competing Examiner and take over the running of the Chronicle sp.
A SAN JOSE Mercury News story that "intense" negotiations were underway to shut down the San Francisco Examiner and set up a joint ownership of the San Francisco Chronicle with the Hearst Corp. drew a denial from the Chronicle president and a no comment from a Hearst spokesman.
The story by staff writer Miranda Ewell quoted an unidentified source "familiar with the discussions" as saying, "A discussion is underway to shut down the afternoon Hearst-owned Examiner but the issue is: Who will run the remaining paper? The only way Hearst will do it is if they run the
The two dailies have been in a joint operating agreement for 30 years. Under that arrangement, the newspapers compete editorially, but share business operations and split profits. The JOA runs until 2005.
The morning Chronicle, with a circulation of over 500,000, dwarfs the Hearst-owned Examiner, whose declining circulation has dropped to about 110,000.
According to Ewell's report, unidentified Hearst executives are "willing to fold the Examiner, take a minority equity position and grant the Chronicle a substantial majority financial interest. In exchange, Hearst insists on running the remaining paper."
In a statement responding to the Mercury News story, John B. Sias, president and CEO of the family-owned Chronicle said: "The Chronicle is managed by the Chronicle Publishing Co. and will remain so in the future. There is no discussion, plan or intention of relinquishing editorial or management control of the news-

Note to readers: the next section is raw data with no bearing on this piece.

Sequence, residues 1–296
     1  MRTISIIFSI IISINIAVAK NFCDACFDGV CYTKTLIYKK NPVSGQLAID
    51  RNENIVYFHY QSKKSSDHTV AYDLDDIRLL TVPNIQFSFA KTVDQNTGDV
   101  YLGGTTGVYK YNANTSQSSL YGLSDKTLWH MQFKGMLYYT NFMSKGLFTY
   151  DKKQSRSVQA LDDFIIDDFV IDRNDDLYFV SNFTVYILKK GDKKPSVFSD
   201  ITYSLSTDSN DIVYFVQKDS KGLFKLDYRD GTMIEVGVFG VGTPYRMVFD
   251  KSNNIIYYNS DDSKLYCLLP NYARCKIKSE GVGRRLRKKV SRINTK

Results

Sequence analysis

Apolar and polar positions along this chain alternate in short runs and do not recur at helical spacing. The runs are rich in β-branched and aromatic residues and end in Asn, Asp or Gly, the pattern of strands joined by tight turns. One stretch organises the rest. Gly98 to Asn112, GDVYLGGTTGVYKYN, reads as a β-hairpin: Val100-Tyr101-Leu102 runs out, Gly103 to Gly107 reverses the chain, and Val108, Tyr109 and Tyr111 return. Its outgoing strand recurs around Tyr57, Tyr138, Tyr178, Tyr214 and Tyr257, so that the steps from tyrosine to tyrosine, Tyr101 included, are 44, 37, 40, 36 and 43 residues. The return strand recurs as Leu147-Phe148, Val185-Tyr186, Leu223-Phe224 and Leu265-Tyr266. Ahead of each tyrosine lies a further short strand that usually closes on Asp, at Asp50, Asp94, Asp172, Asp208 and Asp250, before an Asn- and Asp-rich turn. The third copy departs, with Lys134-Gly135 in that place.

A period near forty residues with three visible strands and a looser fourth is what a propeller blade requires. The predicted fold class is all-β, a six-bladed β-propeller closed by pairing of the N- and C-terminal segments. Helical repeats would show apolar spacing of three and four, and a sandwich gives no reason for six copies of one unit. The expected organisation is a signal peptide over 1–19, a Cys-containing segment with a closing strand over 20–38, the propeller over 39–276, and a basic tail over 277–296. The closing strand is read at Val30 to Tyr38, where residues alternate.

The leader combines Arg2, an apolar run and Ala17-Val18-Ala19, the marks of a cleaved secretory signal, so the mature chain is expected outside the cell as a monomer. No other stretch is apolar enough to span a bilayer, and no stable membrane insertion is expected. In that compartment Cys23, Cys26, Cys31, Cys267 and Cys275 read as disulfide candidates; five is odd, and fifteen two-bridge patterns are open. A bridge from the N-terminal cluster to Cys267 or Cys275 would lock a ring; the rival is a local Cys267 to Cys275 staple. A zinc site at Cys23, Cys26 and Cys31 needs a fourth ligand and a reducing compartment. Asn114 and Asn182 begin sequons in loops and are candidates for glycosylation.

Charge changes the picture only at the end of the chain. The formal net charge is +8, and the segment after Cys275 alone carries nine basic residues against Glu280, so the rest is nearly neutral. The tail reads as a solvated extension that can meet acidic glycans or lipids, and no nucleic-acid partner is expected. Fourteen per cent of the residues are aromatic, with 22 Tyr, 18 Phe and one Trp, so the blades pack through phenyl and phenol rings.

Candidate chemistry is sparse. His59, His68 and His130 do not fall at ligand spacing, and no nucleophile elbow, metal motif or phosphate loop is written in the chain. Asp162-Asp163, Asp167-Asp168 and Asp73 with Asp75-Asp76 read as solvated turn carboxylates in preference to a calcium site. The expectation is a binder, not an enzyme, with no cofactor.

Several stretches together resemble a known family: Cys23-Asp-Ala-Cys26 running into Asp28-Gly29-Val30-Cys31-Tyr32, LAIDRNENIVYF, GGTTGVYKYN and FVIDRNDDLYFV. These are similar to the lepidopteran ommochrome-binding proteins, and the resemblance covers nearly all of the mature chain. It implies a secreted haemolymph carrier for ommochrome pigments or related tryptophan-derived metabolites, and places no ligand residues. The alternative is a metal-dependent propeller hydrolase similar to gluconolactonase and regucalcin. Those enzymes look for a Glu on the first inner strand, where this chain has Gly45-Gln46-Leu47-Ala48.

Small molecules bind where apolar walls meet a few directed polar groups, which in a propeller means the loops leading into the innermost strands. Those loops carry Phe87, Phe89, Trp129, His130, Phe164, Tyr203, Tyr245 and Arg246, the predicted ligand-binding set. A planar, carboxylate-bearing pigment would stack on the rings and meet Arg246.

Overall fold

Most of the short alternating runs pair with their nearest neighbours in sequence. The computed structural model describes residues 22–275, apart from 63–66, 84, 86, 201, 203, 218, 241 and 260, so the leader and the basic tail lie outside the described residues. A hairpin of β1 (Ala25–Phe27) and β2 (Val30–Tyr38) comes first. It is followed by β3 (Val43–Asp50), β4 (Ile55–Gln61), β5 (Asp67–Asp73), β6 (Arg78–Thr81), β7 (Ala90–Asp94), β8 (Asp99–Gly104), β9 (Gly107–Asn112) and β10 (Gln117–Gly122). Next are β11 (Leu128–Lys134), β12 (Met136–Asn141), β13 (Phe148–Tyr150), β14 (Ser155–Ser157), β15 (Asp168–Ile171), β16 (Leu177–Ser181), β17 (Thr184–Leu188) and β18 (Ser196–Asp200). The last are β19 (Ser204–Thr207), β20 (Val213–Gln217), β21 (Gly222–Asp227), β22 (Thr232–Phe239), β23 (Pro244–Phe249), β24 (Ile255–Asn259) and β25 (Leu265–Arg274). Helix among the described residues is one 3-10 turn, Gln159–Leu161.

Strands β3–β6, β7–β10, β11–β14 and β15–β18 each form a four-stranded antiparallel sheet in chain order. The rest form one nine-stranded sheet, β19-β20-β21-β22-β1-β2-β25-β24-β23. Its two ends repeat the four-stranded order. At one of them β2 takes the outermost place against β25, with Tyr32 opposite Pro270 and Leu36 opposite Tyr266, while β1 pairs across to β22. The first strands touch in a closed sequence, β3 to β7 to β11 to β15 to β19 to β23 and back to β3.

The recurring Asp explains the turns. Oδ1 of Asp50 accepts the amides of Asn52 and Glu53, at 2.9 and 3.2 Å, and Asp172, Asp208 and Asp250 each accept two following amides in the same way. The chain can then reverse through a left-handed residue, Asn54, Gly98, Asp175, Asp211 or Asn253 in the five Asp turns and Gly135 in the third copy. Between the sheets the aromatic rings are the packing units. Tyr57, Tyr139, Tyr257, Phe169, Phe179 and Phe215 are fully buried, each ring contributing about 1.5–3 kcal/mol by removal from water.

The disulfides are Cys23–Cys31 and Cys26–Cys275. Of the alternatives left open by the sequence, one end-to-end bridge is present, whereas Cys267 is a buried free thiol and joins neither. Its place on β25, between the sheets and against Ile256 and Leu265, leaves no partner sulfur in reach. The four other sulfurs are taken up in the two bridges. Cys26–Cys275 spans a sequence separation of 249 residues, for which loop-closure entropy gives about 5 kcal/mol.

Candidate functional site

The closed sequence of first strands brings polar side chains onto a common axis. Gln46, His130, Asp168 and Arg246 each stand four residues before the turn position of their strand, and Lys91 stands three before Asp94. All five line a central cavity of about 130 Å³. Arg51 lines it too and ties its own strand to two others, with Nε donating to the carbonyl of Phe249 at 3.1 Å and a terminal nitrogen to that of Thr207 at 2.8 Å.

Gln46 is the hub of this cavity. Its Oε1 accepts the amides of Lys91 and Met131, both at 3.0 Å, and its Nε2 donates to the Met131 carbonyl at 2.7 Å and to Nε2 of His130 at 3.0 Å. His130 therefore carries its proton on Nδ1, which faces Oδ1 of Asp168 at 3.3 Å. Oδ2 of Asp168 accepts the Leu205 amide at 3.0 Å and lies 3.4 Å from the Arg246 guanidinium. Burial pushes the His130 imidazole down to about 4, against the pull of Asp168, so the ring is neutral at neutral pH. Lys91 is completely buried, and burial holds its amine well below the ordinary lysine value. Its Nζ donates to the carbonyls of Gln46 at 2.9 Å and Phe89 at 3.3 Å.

Only the Hearst Corp. "can answer questions about its hopes and plans," Sias added.
Tom Campo, the Hearst organization's manager of press relations, told E&P: "We cannot comment on reports and rumors."
Asked if this meant the Mercury News story had no credence, he declined to comment on the report.
Ewell said in an interview that she was standing by her story. She described her sources as "highly reliable."
Rumors and reports of the sale of the Chronicle have abounded for several years with Hearst usually figuring into them. Ownership of the Chronicle Publishing Co. is spread among about 19 descendants of the DeYoung family who are divided on selling the company.
One of the main holdouts has been Nan Tucker McEvoy, who owns 26% of the shares and has vowed to oppose any sale of the Chronicle.
Recently, she was ousted as chairman of the board and lost a suit to regain that position. She was subsequently named as chairman emeritus, but with no voting rights.
This opened the way for the company's projected sale of its cable operation to Tele-Communications Inc., which is expected to take place in 1996 for a reported $580 million.
?("The Chronicle is managed by the Chronicle Publishing Co. and will remain so in the future. There is no discussion, plan or intention of relinquishing editorial or management control of the newspaper.") [Caption]
?(-John B. Sias, president and CEO, Chronicle Publishing Co.) [Photo & Caption]
By: M.L. Stein Chronicle president denies report that Hearst will close the